Strawberry. Fire truck. Rose. Lady bug. Ketchup. Clifford. All of these are identified with the color red. Red symbolizes love or hate, courage, passion, danger, good luck and guilt. For law-abiding citizens, red will stop you in your tracks. Or fan the fires of rebellion for those seeking revolution.
While driving through the countryside, you’ve probably noticed more than a few red barns. In fact, the vast majority of barns in rural America are painted red. Why is that?
Centuries ago, European farmers sealed the wood on their barns with linseed oil, a tawny-colored oil derived from the seed of the flax plant. Often they mixed it with milk and lime to produce a long-lasting paint that dried and hardened quickly. When dry, the paint wasn’t the bright, fire engine red we see today but more of a burnt-orange red.
Over time, some farmers added blood from a recent slaughter to the oil mixture. As the paint dried, it turned from a bright red to a darker red. More common, however, was the practice of adding ferrous oxide (rust) to the mix. Thanks to the farm equipment, rust was plentiful and is also a poison to many fungi — including mold and moss — which grow on barns. This proved a beneficial side effect, since fungi would trap moisture in the wood, increasing decay.
Barns were also painted red because its rusty hues made it appear the structures were made of brick, a material considered to be a sign of wealth. For whatever reasons, it became fashionable to paint barns red, and when European settlers crossed the Atlantic to North America, they brought with them the tradition of red barns. In the mid to late 1800s, as paints began to be produced with chemical pigments, red paint became the least expensive to buy. Today, even though whitewash is cheaper, red barns live on … and dot the landscape.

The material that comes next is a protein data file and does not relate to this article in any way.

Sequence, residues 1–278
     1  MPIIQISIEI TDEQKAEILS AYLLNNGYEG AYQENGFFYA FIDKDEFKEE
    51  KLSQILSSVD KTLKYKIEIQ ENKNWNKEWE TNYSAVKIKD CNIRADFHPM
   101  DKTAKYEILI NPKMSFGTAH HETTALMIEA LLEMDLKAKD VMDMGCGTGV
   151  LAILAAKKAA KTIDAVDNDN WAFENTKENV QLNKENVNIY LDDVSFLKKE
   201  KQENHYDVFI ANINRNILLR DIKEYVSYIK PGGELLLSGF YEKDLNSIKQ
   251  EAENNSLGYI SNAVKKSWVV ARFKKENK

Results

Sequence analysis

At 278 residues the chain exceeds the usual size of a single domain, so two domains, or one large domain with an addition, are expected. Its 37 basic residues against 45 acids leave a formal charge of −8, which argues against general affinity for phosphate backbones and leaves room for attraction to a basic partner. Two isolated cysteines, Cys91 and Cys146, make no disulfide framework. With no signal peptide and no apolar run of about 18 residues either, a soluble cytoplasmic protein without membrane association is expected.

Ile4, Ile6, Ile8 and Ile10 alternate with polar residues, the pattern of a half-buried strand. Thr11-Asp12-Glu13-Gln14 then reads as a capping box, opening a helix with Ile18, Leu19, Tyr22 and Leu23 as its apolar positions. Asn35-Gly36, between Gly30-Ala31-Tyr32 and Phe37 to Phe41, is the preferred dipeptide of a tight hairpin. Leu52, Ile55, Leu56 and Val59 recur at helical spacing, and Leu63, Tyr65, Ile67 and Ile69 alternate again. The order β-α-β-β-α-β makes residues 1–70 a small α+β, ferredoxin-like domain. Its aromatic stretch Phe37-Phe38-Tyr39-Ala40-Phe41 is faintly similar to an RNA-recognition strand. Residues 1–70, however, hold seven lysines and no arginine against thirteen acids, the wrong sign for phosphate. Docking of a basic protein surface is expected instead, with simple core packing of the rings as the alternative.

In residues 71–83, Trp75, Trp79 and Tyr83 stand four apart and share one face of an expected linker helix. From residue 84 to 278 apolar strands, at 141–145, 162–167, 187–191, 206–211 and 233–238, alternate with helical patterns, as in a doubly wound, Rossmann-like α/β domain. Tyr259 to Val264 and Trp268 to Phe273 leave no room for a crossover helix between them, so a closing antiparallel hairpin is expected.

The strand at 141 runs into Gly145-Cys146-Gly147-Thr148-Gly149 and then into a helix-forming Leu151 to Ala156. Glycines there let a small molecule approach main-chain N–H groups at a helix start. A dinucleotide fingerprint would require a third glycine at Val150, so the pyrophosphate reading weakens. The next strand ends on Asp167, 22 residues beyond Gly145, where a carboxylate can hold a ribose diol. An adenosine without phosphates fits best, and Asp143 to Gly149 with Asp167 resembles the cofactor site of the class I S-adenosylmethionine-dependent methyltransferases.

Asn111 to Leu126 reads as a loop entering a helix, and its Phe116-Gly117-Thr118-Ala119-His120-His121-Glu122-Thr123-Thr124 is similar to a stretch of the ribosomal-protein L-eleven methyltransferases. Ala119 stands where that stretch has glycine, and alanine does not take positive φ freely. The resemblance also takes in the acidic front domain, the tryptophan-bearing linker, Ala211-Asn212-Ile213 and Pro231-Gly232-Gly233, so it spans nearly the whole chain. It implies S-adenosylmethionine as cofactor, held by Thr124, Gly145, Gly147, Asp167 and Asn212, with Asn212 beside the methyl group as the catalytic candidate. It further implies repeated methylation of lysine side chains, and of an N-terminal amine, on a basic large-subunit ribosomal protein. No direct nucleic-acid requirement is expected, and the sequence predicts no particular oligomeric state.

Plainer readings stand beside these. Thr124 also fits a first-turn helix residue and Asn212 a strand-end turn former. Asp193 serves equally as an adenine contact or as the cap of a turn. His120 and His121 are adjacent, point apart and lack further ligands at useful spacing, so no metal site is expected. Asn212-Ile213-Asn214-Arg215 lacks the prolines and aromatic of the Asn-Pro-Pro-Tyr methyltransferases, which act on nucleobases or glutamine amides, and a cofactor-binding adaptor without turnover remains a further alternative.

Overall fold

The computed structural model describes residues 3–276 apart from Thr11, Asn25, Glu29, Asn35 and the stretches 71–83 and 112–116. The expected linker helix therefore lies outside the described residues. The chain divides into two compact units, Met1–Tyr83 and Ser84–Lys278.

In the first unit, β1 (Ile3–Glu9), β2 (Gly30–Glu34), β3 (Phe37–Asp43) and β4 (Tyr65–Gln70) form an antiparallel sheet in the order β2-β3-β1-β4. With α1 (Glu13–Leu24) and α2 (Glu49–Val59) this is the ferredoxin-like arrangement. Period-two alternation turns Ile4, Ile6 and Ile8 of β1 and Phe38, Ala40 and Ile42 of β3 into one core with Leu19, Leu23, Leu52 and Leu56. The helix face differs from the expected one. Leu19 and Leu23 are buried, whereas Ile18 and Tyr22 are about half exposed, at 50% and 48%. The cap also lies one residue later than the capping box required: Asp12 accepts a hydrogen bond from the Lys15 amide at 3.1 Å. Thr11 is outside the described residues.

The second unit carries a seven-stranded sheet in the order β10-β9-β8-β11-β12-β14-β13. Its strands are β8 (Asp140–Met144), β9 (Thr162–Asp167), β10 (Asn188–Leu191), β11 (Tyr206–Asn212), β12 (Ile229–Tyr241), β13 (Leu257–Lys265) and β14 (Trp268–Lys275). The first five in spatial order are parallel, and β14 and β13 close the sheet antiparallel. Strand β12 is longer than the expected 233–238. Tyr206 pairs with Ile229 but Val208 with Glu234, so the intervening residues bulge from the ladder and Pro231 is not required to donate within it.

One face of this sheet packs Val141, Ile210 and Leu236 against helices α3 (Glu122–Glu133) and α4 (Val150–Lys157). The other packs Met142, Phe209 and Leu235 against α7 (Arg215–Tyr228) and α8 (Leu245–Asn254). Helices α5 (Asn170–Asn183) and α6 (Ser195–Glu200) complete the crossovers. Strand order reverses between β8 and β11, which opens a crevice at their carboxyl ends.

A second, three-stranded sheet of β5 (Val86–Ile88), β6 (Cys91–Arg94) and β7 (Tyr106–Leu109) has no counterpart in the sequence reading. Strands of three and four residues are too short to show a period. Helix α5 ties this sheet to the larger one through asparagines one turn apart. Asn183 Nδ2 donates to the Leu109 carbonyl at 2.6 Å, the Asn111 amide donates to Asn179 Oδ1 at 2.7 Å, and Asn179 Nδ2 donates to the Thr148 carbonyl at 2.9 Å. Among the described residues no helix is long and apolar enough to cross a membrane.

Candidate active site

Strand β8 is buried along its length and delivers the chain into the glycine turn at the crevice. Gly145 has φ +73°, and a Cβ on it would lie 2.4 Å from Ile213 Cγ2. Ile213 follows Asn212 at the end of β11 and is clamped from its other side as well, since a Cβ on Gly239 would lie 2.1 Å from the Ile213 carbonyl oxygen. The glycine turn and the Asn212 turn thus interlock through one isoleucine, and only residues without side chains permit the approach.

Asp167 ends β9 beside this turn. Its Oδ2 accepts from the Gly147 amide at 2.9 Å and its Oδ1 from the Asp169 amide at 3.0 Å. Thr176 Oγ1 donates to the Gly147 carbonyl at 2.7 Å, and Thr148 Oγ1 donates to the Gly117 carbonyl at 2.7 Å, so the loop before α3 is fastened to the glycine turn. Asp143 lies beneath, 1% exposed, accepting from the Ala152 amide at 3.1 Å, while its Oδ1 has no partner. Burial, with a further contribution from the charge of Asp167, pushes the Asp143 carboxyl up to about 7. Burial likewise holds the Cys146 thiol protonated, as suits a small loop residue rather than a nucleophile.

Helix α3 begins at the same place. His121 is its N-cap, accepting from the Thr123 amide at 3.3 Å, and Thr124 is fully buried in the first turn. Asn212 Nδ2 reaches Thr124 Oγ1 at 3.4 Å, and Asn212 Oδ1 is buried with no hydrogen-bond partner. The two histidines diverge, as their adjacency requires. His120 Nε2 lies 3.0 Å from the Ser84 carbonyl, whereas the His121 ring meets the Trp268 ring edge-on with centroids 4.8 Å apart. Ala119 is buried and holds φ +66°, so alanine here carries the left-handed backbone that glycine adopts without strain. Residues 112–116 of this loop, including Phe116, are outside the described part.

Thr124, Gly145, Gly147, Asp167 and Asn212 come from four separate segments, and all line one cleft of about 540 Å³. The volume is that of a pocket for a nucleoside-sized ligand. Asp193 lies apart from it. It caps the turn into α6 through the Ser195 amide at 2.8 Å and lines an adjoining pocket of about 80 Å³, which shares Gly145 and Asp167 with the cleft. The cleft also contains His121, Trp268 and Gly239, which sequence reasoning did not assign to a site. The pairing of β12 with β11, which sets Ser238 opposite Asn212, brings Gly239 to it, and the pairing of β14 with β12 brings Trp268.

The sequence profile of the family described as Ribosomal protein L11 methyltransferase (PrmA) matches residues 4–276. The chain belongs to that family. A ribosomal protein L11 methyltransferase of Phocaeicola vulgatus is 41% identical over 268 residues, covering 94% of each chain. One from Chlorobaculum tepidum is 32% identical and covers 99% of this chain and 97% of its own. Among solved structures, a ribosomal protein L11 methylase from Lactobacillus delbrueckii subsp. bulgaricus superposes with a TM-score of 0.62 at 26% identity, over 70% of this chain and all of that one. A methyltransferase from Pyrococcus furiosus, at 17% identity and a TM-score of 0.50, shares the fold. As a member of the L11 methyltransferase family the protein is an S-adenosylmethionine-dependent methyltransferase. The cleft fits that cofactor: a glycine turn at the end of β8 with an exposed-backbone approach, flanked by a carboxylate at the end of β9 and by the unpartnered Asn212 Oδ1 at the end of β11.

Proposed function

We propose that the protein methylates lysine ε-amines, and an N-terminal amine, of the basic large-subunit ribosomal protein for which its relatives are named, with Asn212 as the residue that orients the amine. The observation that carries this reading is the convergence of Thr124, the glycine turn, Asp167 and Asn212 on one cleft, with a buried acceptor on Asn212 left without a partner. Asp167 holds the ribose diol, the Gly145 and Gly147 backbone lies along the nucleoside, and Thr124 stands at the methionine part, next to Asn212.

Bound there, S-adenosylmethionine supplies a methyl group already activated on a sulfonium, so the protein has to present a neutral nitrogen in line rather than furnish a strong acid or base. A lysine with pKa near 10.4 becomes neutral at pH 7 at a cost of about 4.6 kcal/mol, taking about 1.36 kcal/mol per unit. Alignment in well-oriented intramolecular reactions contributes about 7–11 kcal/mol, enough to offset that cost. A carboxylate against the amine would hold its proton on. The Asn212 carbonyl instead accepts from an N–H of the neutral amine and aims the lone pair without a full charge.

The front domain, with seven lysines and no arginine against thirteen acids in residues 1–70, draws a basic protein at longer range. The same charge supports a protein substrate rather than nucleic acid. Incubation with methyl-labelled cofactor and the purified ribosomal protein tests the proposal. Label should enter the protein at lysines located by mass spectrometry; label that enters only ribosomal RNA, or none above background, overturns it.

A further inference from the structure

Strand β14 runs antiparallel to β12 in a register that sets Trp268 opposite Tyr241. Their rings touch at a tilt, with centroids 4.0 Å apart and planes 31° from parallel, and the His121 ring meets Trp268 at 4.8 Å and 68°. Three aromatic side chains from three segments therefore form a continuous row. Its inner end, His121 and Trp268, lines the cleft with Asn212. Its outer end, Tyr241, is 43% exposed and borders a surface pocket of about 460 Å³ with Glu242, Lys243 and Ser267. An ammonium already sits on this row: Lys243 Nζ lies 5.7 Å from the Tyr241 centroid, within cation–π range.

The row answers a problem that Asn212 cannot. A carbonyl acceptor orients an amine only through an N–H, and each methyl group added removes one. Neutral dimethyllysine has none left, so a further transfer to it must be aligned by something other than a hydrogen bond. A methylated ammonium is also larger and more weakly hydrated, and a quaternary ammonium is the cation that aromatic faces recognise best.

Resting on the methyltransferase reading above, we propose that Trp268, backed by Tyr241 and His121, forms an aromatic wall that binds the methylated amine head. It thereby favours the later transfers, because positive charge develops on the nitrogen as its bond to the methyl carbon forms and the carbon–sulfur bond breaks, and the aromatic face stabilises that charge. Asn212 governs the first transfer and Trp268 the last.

There’s no truth to the belief that barns are painted red so cows can find their way home since cattle are colorblind.
Dorothy’s shoes are the pot of gold at the end of the rainbow.
If you’ve read L. Frank Baum’s The Wonderful Wizard of Oz then you know Dorothy’s magical slippers are silver, not red. So what happened in the transition from book to film? Technicolor happened. At the time, moviegoers were infatuated with the new technology. The contrast between the ruby slippers’ sparkling red and the vibrant gold of the yellow brick road proved an unforgettable way to light up the screen. Originally, several pairs of ruby slippers were made but only five survived. One pair, residing at the Smithsonian’s National Museum of American History, cost over $300,000 to repair in 2018. Another pair went up for auction the same year for six million dollars.
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